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Process furnaces or heaters are critical components found in many petrochemical refineries. These large refractory-lined structures heat hydrocarbon product during the refining process. Performed properly, infrared inspections of furnace tubes can provide valuable data regarding tube condition and operating temperature.

FURNACE TUBE INSPECTION CHALLENGES
Process heaters are similar to steam boilers in their construction, except for the fact that hydrocarbon is passed through the firebox tubes instead of water. Safe operation requires those tubes to operate below their maximum operating temperature. Overheating of tubes can reduce operational life or lead to catastrophic failure.

Measuring tube temperatures is challenging for many reasons. Among other things, the tubes are frequently located away from inspection ports and often obscured by visually opaque flames. And high-temperature environments make contact measurements hard, if not impossible.

Under the right circumstances, infrared thermography can be used to generate qualitative and quantitative data on in-service heater tubes. Still, it can’t be overstated: Infrared inspection of process furnaces or heaters is one of the most difficult tasks for thermal imaging and infrared radiometry. Accuracy in temperature measurement is paramount in such inspections, since many companies utilize infrared data to determine safe operating limits for in-service heaters.

The following images were taken through viewports on operating heaters.



Thermal image shows normal thermal pattern.

Image taken through opaque flame.



Thermal image shows hotspots caused by internal coke deposits.

Image taken through opaque flame.


MORE THAN  ‘POINTING AND SHOOTING”
Inspection of furnace/heater-tubes is not a “point and shoot” application. A thermographer who takes on this tough work needs to understand heater operation and heat transfer, as well as other issues pertinent to thermography. These issues include, but aren’t limited to: infrared camera selection, including proper spectral response and spot-measurement size; imager calibration; use of filters, windows, and heat shields; calculating emittance and reflected temperature; equipment precision and accuracy; and how to obtain reliable reference temperatures to verify proper imager settings.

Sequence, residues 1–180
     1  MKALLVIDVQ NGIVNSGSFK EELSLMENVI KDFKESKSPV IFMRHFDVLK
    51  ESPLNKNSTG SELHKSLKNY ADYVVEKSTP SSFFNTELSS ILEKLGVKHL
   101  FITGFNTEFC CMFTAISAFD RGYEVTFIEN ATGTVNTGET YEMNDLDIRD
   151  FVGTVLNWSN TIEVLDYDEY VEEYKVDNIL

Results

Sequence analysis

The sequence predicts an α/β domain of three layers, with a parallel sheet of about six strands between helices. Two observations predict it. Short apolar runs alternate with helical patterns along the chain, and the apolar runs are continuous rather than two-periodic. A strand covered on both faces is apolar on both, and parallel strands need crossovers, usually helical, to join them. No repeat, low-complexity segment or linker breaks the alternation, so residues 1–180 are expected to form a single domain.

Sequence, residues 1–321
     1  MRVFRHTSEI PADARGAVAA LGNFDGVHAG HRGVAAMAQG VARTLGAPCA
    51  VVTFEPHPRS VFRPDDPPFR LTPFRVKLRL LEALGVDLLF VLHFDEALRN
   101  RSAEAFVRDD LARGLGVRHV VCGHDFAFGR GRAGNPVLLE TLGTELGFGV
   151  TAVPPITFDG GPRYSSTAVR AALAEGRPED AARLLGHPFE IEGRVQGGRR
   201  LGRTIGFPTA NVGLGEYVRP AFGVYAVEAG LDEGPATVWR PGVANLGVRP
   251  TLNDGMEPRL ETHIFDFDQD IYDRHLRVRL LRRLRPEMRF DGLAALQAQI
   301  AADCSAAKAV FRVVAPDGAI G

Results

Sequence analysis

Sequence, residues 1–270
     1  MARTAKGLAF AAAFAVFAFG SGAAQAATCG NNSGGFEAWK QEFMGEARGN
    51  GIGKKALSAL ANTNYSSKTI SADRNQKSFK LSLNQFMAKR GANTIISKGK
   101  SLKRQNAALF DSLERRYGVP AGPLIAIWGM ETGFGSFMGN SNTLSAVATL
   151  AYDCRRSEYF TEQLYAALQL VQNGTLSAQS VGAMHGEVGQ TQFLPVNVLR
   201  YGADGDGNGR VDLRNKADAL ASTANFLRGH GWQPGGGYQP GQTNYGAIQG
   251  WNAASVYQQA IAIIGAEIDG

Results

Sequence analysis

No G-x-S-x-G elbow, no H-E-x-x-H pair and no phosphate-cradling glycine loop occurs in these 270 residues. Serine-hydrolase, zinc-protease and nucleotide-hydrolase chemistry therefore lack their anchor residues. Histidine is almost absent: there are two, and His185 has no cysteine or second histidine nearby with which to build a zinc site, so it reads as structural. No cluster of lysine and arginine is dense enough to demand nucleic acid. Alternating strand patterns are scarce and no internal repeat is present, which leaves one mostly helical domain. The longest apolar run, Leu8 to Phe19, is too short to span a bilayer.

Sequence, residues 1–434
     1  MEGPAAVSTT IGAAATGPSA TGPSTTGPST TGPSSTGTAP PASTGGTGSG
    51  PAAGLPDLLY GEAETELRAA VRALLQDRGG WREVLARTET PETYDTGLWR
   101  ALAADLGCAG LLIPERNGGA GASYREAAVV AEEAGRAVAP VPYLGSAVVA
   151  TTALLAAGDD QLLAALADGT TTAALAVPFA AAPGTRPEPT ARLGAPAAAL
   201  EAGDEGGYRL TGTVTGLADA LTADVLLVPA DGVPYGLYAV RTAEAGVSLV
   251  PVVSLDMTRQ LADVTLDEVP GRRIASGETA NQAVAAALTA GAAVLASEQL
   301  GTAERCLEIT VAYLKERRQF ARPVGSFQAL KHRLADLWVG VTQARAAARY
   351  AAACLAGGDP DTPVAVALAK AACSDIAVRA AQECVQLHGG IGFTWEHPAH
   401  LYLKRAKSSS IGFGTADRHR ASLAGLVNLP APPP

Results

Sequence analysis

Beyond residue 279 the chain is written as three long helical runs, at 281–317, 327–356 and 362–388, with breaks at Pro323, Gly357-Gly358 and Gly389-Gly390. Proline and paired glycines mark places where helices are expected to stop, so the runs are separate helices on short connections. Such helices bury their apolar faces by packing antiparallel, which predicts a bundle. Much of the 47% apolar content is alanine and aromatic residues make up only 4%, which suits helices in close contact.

In addition, to help ensure accuracy in furnace-tube inspections, thermographers should be trained to at least Level II and, when possible, work with an experienced mentor until they have gained sufficient field experience.

More information on this subject is available in a free download at this link: Applications of Infrared Thermography for Petrochemical Process Heaters.

Infrared inspection of process-heater tubes is one of the applications covered in the Infraspection Institute Level II Certified Infrared Thermographer® training course. For more information or course schedules, visit www.infraspection.com or call (609) 239-4788.TRR



EDITOR’S NOTE:

This Article Is Based On The Sept. 27, 2021
“Tip of the Week”
From The IRINFO.org Website
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ABOUT THE AUTHOR

Jim Seffrin, CMRP, has been an Infraspection Institute Certified Infrared Thermographer since 1984. A co-founder of Jersey Infrared Consultants and a practicing thermographer with 35+ years of experience as an infrared consultant, he was appointed Director of Infraspection Institute in April 2000.  For information on a wide range of topics related to infrared thermography and associated training and certification, visit IRINFO.org and/or infraspection.com, or email jim@infraspection.com.



Tags: reliability, availability, maintenance, RAM, process furnaces, process heaters, infrared thermography, infrared cameras, thermographic imagers, imaging radiometers, infrared inspections, infrared temperature measurement, thermographer training